Lance Armstrong defied the odds to build a storied cycling career, then made a career of defiance as he steadfastly denied allegations that his unprecedented seven Tour de France titles were drug-aided.
Armstrong's announcement on Thursday that he would not seek to clear himself through arbitration of doping charges brought by the US Anti-Doping Agency marked a stunning change for a man who has never been afraid to tackle his detractors head-on.
For all of those detractors, there have been just as many admirers who point to Armstrong's own battle with life-threatening cancer and his charitable foundation dedicated to helping others living with the disease.
Doctors had given Armstrong a less than 50% chance of survival when he was diagnosed in 1996 with testicular cancer that had spread to his lungs and brain.
He persevered through surgery and chemotherapy and returned to cycling, but was little known in his homeland when he won his first Tour de France title in 1999.
His years of dominance in the sport's greatest race raised cycling's profile in America to new heights and gave him a platform to promote cancer awareness and research.
The Lance Armstrong Foundation has raised almost $500 million since it was created in 1997 and the foundation's chairman, Jeff Garvey, expressed support for Armstrong on Thursday as USADA vowed it would see him stripped of all seven of his Tour titles and banned from cycling.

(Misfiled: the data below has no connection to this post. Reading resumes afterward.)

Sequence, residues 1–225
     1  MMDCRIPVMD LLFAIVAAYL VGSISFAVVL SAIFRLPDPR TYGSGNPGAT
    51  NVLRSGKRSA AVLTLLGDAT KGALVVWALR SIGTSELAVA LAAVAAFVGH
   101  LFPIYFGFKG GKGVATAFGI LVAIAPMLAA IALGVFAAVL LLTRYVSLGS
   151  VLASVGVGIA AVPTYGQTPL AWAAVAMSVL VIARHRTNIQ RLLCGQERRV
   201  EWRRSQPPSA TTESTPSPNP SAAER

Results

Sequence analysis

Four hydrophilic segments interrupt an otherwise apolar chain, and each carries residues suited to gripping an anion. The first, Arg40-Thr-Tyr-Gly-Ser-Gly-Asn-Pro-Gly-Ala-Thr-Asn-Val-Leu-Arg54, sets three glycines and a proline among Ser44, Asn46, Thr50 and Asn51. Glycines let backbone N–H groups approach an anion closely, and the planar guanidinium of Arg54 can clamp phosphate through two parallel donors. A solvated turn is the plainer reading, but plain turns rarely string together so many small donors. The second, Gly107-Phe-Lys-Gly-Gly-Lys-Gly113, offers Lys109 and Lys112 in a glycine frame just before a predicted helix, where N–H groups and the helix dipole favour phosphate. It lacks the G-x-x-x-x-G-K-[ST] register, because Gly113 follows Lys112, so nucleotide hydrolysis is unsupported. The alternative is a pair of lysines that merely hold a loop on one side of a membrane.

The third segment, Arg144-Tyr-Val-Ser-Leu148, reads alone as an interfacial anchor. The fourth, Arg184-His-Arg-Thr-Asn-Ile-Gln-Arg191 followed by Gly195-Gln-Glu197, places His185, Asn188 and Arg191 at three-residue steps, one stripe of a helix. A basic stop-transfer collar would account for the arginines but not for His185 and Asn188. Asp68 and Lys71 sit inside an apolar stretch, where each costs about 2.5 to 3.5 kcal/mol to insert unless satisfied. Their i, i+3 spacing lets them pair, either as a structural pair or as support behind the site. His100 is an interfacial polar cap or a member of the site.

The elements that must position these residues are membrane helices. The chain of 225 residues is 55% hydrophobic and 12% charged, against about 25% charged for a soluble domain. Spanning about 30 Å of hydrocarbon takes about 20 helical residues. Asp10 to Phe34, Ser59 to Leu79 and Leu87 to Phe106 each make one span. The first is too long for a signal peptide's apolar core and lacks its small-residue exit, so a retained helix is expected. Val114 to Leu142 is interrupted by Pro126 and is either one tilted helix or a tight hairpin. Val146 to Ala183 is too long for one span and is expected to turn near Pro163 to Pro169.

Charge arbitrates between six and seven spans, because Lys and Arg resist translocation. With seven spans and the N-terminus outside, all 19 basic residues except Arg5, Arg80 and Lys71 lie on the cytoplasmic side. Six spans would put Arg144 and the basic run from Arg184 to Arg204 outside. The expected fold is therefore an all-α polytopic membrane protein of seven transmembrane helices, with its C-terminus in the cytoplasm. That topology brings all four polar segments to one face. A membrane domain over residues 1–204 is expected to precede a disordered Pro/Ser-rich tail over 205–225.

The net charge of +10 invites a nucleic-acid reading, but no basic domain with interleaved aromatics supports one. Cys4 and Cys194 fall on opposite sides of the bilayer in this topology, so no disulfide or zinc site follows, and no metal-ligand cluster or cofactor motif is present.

"The leadership of the Lance Armstrong Foundation remain incredibly proud of our founder's achievements, both on and off the bike," Garvey said in a statement.
Even in the glory days, however, many were skeptical.
In 1999, it was a trace amount of a banned corticosteroid, with cycling officials saying he was authorized to use a small amount of cream containing the drug to treat saddle sores.
After his 2000 Tour triumph, French authorities probed his US Postal Service team but brought no charges.
Critics seized on his friendship with Italian doctor Michele Ferrari, who was banned by Italian authorities over doping in 2002.
In 2004, a Texas promotions company balked at paying him a $5 million bonus for his sixth tour title because of doping allegations by European media.
In that court case, former teammate Frankie Andreu and his wife, Betsy, testified that Armstrong told doctors during his cancer treatment that he had taken steroids and other performance-enhancers.
Two books published in Europe, "L.A. Confidential" and "L.A. Official," alleged he doped and in 2005 French newspaper L'Equipe reported that urine samples taken during the 1999 Tour that were re-tested later were positive for the blood-booster EPO.
Armstrong fought back with denials and even court action, but admitted after he retired in 2005 that he was weary of the onslaught.
In 2009, however, at the age of 37, he did launch a comeback, saying he wanted to use his renewed career to further promote cancer awareness.
Armstrong was still racing in 2010 as US authorities conducted an investigation into doping in cycling -- a probe that ended with no criminal charges but which apparently gave new impetus to USADA's probe.
His decision to forego arbitration -- after an unsuccessful bid to block USADA with a lawsuit -- will apparently see him go down in history as one of sport's most infamous drug cheats.
"If I thought for one moment that by participating in USADA's process, I could confront these allegations in a fair setting and - once and for all - put these charges to rest, I would jump at the chance," Armstrong said in a statement. "But I refuse to participate in a process that is so one-sided and unfair."